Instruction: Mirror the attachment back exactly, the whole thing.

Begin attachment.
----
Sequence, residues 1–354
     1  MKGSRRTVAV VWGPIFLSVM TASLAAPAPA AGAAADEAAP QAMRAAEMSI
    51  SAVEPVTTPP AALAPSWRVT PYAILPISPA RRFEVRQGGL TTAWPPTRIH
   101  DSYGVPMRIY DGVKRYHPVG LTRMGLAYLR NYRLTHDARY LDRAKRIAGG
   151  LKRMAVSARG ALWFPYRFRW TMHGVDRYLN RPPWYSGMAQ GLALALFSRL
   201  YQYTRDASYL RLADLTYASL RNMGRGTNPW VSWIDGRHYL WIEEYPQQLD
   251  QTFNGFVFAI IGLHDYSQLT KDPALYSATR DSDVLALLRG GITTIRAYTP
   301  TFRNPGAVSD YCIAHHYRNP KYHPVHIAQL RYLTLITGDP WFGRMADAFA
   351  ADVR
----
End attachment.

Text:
Sequence, residues 1–354
     1  MKGSRRTVAV VWGPIFLSVM TASLAAPAPA AGAAADEAAP QAMRAAEMSI
    51  SAVEPVTTPP AALAPSWRVT PYAILPISPA RRFEVRQGGL TTAWPPTRIH
   101  DSYGVPMRIY DGVKRYHPVG LTRMGLAYLR NYRLTHDARY LDRAKRIAGG
   151  LKRMAVSARG ALWFPYRFRW TMHGVDRYLN RPPWYSGMAQ GLALALFSRL
   201  YQYTRDASYL RLADLTYASL RNMGRGTNPW VSWIDGRHYL WIEEYPQQLD
   251  QTFNGFVFAI IGLHDYSQLT KDPALYSATR DSDVLALLRG GITTIRAYTP
   301  TFRNPGAVSD YCIAHHYRNP KYHPVHIAQL RYLTLITGDP WFGRMADAFA
   351  ADVR